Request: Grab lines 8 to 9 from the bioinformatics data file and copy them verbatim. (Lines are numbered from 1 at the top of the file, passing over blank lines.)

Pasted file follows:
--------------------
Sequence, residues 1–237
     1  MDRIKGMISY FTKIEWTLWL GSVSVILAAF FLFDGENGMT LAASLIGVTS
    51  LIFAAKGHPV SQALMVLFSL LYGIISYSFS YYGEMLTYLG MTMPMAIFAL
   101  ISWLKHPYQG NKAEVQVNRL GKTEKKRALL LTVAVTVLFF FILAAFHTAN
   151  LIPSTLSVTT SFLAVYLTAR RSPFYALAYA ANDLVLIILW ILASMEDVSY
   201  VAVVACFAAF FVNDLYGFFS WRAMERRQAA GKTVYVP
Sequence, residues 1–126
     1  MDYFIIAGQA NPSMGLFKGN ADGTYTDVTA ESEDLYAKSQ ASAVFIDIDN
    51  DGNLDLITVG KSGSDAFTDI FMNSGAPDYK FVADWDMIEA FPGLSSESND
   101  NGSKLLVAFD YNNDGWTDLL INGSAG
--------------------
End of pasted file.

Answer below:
     1  MDYFIIAGQA NPSMGLFKGN ADGTYTDVTA ESEDLYAKSQ ASAVFIDIDN
    51  DGNLDLITVG KSGSDAFTDI FMNSGAPDYK FVADWDMIEA FPGLSSESND